Known primarily as a novelist, Kurt Vonnegut (1922 – 2007) was an American writer. He published 14 novels, three short story collections, five plays, and five works of non-fiction. He is most famous for his darkly satirical, best-selling novel ‘Slaughterhouse-Five’, published in(1969.
I do like this short poem of his which I came across only recently. Apparently it was never given a title by Vonnegut and was discovered in a letter of 1961 sent by him to a friend. It has a delightfully simple and artless warmth which engenders such good feeling and optimism.
Two little good girls Watchful and wise — Clever little hands And big kind eyes — Look for signs that the world is good, Comport themselves as good folk should. They wonder at a father Who is sad and funny strong, And they wonder at a mother Like a childhood song. And what, and what Do the two think of? Of the sun And the moon And the earth And love.
Not to be confused with his more famous namesake who played such an important role in the early colonisation of North America, (1582 – 1618), Sir Walter Alexander Raleigh (1861 – 1922) was an English scholar, poet, and author. He was born in London, the fifth child and only son of a local Congregation minister. Raleigh is buried in the churchyard of the parish church of St. Lawrence at North Hinksey, near Oxford. His son Hilary edited his light prose, verse, and plays in ‘Laughter from a Cloud (1923). He is probably best known for the poem “Wishes of an Elderly Man, Wished at a Garden Party, June 1914”.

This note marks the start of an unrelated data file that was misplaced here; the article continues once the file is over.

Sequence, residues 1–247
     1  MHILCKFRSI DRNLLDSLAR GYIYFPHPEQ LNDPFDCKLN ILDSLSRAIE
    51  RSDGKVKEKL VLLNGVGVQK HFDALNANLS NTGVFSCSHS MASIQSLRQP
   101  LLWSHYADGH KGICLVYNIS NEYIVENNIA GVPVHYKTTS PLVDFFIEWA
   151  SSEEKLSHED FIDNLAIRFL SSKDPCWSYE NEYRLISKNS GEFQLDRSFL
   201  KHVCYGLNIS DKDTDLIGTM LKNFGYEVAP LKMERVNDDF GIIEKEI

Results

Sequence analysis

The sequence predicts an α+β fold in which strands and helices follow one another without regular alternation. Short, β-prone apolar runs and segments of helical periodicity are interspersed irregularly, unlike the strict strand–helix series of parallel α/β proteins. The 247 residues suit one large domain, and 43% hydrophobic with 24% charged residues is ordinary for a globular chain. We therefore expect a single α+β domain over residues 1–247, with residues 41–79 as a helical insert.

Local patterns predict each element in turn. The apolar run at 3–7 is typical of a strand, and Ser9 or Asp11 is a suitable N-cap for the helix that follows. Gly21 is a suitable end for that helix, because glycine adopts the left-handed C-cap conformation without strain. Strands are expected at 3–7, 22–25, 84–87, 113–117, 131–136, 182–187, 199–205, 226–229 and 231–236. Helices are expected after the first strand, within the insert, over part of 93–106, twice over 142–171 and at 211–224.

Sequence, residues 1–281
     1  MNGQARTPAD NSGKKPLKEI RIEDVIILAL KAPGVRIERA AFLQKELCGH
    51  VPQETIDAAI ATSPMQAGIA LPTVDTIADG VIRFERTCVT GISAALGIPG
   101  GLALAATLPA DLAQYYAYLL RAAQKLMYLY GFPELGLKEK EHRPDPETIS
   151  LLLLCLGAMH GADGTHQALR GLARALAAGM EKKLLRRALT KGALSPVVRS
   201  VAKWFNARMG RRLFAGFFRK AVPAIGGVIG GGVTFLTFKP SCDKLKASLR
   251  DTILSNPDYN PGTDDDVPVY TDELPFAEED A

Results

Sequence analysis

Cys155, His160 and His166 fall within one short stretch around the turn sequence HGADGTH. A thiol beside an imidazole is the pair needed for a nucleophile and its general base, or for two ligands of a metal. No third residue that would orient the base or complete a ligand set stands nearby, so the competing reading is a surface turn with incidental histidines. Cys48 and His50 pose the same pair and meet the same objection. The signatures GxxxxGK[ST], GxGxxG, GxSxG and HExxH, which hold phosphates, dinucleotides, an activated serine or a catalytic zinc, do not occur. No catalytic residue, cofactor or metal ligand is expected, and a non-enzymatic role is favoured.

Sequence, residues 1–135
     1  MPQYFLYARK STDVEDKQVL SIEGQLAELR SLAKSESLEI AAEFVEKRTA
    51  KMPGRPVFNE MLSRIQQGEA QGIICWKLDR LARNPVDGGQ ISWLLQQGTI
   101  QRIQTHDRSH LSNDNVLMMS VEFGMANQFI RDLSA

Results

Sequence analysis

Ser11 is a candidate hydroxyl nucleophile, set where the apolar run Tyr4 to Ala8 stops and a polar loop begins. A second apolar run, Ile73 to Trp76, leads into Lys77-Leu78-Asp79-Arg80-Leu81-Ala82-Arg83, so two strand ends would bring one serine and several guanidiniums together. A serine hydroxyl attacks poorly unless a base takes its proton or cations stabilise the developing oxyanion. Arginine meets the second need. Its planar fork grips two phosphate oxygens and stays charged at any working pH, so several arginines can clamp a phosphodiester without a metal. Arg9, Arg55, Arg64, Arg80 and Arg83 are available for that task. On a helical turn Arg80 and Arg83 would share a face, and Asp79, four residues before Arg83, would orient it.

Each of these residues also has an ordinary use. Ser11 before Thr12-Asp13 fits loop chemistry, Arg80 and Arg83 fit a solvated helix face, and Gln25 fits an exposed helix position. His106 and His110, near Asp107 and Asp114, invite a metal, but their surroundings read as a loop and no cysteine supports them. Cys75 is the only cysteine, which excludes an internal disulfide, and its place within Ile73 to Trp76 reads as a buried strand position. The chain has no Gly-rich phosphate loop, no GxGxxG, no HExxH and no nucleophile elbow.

It is this poem, bitter-sweet and with its pessimistic view of mankind, but not without its wry humour, which I have chosen to remind my readers of today . . .
I wish I loved the Human Race
I wish I loved the Human Race; I wish I loved its silly face; I wish I liked the way it walks; I wish I liked the way it talks; And when I’m introduced to one, I wish I thought ‘What Jolly Fun’.
A poem written to keep in my memory the thoughts engendered by the music played at my wife’s funeral eight weeks ago today. Composed by Vaughan Williams, ‘The Lark Ascending’ was very much her favourite piece of classical music. The version used was played on the violin by the Scottish violinist, Nicola Benedetti, and can be heard on YouTube at: ‘The Lark Ascending’
I weep my truths in poetry And from my unconscious mind In the borderlands there Where the finite And the incomprehensible meet My secrets are torn Crying to be freed To be revealed In poured out singing words Shed in images Subtle revelatory pictures My art telling of those wondrous places Secreted within my core Which for good or ill I never will Access in any other way Than through my weeping soul